But this is also the chapter where he discusses the concept of “Losing 14 lbs in 14 days” and whether or not it is healthy, and I still wasn’t sure I’d be down with that. Right from the start though, he owns the fact that losing 14 lbs of fat in 14 days is NOT healthy or desirable (or frankly even possible, really.) But he talks about the idea that there are many things involved in weight gain, not only just fat. In this chapter he introduces a concept called “Hidden Belly Fat” that I can totally identified with and understood. He goes on to explain that “Hidden Belly Fat” isn’t really fat but it sure looks like it. (You may know it too — that soft spare tire layer that springs up out of nowhere after a few weeks of eating garbage.) In reality it is a sign of that metabollic disconnect that happens to a lot of people (myself included!) when they don’t keep the insulin/hormone situation in their body in check, and I have to applaud Jorge Cruise for discussing some of the consequences of Metabollic Derangement in such easy to understand terms. I think this is one of the most revolutionary concepts in his book and I was happy to think about it with new analogies. (Sidebar: Stacy from Paleo Parents wrote a great blog post on this exact topic of hidden belly fat, although from a different perspective, that I think is a really worthwhile read.)
The next section is pages and pages of testimonials and pictures of people who have completed the program (he has yet to outline it at this point, but of course all of the results pictures are pretty impressive) and then he finally gets on to outlining what the Fast Track program is based on. I was really intersted to see — would it be an elimination diet, would it be about timing your food intake, would it be more of this “eat 5 small meals a day by properly combining foods” crapola — WHAT WOULD IT LOOK LIKE??? I was very curious at that point. Curious and surprised. Surprised that I was enjoying his voice and that so far all I had done was nod my head at his information and his references.
Speaking of references, each chapter begins with a quote — and when he gets into the section about what to eat — guess what person he choses to quote?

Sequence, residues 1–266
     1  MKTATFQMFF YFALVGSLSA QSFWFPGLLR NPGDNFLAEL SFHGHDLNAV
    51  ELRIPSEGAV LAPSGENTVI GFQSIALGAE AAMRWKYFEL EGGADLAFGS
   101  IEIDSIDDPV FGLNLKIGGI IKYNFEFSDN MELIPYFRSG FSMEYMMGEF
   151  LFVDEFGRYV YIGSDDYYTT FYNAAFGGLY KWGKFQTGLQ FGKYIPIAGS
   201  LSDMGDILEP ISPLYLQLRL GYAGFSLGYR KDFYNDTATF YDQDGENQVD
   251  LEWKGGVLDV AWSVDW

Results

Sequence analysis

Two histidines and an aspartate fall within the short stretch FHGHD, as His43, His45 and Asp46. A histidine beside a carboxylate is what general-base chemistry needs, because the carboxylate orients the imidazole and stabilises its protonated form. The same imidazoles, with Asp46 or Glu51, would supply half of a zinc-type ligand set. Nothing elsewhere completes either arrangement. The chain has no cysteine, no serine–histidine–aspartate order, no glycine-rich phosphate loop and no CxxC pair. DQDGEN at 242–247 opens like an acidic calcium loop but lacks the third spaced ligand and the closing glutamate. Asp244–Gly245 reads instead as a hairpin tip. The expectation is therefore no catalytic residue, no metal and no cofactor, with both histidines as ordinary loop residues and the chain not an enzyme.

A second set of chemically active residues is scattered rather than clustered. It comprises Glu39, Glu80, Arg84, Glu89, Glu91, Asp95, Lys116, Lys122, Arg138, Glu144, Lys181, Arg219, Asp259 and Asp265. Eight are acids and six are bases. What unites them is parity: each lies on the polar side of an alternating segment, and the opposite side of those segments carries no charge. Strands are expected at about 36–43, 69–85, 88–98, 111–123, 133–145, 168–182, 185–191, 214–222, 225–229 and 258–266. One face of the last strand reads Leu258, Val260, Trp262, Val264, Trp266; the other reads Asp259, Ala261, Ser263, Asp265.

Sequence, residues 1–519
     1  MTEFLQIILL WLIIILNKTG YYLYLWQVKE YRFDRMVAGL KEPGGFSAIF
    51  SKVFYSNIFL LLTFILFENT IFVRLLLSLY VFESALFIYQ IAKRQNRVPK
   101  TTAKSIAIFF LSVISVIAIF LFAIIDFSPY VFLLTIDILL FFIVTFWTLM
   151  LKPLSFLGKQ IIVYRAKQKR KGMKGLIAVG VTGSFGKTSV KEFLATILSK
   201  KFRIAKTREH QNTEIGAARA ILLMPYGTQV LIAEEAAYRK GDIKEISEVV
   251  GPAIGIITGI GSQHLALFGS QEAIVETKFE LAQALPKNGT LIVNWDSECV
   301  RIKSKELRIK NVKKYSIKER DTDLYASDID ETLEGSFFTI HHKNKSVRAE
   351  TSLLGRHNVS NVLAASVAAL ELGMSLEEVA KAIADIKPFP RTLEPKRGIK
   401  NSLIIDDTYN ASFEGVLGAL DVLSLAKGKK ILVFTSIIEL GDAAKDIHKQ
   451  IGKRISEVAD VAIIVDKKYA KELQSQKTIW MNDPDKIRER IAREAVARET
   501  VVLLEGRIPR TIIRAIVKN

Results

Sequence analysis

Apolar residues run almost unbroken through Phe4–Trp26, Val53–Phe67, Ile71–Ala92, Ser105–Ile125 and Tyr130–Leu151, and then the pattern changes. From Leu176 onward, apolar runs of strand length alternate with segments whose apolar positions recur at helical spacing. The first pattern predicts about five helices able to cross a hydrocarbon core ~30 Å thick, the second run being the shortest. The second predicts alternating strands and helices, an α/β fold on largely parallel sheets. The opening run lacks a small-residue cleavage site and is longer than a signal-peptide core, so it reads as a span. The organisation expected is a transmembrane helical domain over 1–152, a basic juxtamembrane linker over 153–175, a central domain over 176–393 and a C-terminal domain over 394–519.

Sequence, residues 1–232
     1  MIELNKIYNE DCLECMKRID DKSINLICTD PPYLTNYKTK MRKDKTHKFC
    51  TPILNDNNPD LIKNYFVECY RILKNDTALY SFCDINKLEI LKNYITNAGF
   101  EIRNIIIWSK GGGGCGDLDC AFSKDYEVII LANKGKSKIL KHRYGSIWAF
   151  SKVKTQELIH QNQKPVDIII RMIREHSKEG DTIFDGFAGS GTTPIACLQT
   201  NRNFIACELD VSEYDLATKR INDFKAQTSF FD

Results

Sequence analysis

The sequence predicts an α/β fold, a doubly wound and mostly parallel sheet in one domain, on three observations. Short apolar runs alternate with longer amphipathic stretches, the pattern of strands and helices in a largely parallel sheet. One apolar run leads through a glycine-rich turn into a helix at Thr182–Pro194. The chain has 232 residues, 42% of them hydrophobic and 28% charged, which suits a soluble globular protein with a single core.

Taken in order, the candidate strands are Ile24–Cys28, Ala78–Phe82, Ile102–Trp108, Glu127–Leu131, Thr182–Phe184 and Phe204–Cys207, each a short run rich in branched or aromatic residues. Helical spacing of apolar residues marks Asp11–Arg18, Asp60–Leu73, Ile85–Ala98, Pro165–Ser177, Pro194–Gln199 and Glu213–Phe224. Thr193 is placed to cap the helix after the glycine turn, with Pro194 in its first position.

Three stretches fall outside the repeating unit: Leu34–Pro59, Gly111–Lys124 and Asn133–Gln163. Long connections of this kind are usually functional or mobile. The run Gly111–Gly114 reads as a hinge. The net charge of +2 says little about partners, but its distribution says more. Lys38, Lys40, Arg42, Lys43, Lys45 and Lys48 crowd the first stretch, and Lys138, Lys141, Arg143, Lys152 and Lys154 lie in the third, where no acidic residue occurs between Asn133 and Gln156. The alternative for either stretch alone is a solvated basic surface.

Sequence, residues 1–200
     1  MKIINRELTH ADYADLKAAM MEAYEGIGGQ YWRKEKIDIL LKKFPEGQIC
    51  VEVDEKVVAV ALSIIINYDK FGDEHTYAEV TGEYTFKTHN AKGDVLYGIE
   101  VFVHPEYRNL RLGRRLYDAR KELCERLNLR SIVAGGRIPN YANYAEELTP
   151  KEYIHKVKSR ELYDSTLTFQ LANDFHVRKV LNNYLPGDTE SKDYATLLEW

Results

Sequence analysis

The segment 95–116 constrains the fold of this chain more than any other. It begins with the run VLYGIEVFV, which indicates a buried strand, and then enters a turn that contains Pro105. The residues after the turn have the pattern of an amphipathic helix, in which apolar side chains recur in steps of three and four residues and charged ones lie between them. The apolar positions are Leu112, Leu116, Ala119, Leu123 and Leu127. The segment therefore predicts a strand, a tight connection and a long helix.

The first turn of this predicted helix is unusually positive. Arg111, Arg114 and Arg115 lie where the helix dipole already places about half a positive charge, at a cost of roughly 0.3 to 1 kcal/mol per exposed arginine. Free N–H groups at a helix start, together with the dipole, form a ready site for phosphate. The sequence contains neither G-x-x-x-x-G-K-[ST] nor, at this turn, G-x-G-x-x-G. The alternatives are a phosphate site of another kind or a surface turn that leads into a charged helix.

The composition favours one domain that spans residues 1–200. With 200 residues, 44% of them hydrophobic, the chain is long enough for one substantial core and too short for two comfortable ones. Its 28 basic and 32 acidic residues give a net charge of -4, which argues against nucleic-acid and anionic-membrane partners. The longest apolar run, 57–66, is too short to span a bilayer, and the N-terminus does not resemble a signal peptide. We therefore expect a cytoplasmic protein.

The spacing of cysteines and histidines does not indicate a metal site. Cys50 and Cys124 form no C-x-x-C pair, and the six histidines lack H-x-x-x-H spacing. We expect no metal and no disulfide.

I was floored. Was Jorge Cruise about to espouse eating Paleo? I read on…
Turns out Jorge Cruise is all about an Ancestral Diet. Who knew? (I sure didn’t, clearly.) He leans more towards a Primal approach (including dairy and wine…woo hoo!) but his book outlines very well researched (the appendix at the end is large) nutrition advice that is not only completely sane and unscary or restrictive sounding, but the book also includes meal plans and recipes at the end that look really delicious. And he even talks a little bit about high intensity exercise and why it is such a more effective replacement for chronic cardio, so obviously he got some points for that!
The Belly Fat Cure: Fast Track is smart, easy to understand, and is a new interpretation of Paleo that isn’t so tied to food politics and nutrient density. It’s mostly just a functional weight loss book that doesn’t really espouse any food philosophy, so I think it might appeal to people who are scared off by the words Paleo or Primal but want an easy guide on how to lose weight that also explains how your body works. I’m obviously very pro-Paleo, so I don’t really mind that label, but not everyone is down for that so I think this book could have good mass appeal. I was so happy that I read it and really, really surprised I liked it. Maybe you know someone who might too?